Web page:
It is important that the area of the smaller end of the receiving-cone B should only exceed that of the jet so far as may be necessary to insure the whole of the stream of solid particles being received in the cox1el3,a11d that in proportion as the area of the cone is increased will be the penetration of the airjet into the cone and the liability of eddies being formed therein and the carrying away with the air of some of the dust.

The nozzle A and coneB are contained in a casing D, inclosing an annularspacc around the jet-nozzle and connected by a pipe 1!) with the exhauster, if one be used.

The momentum imparted by the air to the cated by the'dotted arrows, and be deposited in the closed receiver C, while the air escaping'laterally becomes disentangled from the stream of solid particles and is'then carried oif to the exhauster. This separation of the solid and gaseous particles is probably due to their difference of inertia and to the slight plenum r dense atmosphere pr'oduced'within the closed receiver 0 by the injected current of air, which is suflicie'nt' to resist the momentuin of the gaseous'particlegbut is penetrable by the solid particles of matter contained in the jet.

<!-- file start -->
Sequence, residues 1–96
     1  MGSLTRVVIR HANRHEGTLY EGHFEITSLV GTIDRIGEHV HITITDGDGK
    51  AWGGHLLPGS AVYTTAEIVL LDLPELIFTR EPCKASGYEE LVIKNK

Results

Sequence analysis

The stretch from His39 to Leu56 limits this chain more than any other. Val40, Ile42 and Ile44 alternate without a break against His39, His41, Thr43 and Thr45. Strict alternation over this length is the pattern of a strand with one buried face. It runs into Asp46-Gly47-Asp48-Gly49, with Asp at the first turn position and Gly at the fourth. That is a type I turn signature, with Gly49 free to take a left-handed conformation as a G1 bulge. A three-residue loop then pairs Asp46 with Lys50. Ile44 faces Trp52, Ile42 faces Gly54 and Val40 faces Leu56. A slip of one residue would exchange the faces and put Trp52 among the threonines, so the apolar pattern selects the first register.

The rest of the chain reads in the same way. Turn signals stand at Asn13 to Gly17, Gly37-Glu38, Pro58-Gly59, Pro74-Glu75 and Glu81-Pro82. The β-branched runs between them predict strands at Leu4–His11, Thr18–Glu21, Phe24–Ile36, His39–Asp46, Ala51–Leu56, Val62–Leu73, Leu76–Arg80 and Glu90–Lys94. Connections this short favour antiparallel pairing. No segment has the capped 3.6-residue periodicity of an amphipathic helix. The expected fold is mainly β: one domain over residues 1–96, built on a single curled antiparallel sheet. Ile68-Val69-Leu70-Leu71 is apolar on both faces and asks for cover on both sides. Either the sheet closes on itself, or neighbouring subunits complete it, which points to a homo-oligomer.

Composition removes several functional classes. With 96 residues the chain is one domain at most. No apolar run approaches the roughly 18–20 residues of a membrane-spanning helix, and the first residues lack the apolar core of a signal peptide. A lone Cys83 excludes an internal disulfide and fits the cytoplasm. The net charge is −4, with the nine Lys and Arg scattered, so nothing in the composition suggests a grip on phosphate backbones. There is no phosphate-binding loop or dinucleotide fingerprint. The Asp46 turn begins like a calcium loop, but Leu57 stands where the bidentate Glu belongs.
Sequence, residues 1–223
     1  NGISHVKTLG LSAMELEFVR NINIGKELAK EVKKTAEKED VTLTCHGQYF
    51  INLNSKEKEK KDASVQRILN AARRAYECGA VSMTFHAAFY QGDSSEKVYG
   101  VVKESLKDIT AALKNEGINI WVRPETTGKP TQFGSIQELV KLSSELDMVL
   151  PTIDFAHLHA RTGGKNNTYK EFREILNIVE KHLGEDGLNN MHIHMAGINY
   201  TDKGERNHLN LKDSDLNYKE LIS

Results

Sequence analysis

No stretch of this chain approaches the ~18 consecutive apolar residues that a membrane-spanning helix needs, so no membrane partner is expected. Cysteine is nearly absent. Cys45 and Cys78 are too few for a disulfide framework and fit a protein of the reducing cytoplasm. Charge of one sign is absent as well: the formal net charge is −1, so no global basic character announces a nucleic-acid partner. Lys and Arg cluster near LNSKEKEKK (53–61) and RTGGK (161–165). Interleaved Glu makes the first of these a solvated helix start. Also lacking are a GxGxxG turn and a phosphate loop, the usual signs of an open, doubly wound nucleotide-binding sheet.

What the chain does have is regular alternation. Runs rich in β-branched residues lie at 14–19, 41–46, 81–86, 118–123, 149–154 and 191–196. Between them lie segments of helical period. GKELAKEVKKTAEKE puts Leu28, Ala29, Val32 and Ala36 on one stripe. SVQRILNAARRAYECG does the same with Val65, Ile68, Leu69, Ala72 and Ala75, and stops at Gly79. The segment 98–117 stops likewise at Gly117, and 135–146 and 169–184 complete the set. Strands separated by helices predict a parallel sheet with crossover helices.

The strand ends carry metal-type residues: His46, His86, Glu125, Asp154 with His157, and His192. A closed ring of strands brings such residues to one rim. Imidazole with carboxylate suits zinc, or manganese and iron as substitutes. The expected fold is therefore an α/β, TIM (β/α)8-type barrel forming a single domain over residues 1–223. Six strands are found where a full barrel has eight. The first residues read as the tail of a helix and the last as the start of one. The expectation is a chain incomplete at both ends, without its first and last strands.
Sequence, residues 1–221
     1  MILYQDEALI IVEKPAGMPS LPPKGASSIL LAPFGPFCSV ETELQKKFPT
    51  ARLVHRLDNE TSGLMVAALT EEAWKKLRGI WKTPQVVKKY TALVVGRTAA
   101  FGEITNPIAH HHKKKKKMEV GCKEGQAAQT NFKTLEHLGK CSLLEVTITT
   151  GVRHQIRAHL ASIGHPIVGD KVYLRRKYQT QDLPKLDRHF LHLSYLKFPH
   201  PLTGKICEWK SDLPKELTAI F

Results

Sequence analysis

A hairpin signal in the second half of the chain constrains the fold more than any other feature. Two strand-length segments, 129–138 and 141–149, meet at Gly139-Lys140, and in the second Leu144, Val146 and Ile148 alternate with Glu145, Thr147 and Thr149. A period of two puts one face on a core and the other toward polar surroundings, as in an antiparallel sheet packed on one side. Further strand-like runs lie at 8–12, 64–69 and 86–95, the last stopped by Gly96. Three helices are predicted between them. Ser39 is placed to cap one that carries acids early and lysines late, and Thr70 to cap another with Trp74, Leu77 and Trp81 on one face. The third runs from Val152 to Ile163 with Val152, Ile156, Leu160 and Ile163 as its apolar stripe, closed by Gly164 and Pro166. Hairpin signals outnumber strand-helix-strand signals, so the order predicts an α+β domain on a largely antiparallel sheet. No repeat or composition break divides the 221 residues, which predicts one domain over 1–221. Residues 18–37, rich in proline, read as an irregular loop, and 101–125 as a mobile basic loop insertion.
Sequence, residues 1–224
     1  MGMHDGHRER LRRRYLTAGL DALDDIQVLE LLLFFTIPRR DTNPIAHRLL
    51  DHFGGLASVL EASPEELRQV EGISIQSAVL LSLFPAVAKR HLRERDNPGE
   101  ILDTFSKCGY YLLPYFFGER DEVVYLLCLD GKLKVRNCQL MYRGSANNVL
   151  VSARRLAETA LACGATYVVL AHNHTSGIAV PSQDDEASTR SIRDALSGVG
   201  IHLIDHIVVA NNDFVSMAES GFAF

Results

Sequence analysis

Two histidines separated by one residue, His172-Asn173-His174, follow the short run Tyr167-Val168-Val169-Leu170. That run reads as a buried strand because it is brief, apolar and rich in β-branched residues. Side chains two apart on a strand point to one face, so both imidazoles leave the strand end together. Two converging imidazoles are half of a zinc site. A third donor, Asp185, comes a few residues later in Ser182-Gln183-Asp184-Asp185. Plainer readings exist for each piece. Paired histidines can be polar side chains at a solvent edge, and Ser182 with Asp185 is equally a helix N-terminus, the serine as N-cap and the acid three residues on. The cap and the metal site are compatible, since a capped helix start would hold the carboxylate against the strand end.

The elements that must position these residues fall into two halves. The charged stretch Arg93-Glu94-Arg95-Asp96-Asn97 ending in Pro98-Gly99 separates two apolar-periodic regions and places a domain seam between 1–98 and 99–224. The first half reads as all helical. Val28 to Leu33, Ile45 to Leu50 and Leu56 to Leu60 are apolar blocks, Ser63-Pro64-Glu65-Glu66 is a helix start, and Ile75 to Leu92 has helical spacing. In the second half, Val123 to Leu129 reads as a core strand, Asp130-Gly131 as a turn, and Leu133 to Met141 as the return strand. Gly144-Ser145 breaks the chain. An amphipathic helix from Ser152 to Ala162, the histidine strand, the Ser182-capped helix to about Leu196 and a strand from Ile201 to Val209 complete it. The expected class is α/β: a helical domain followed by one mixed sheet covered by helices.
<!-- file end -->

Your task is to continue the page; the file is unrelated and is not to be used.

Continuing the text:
It will be understood that the exhauster is used to impart the desired pressure and velocity to the air-current and that the invention is equally applicable if the air-pressure to produce the jet be obtained by air-compressing apparatus, in which case no eX- hauster need be used, the casing D discharging into the air, or it might be omitted en tirely.

Thesolid particles collected in chamber 0 may be withdrawn from time to time by means of an oscillating receiver, (such'as described 'in the specification of a previous patent,

dated November 3, 1891, No. 462,539,) which would be arranged to work beneath the closed chamber 0, the latter being hopper-shaped and discharging into the oscillating receiver in the manner described in the specification of my aforesaid patent.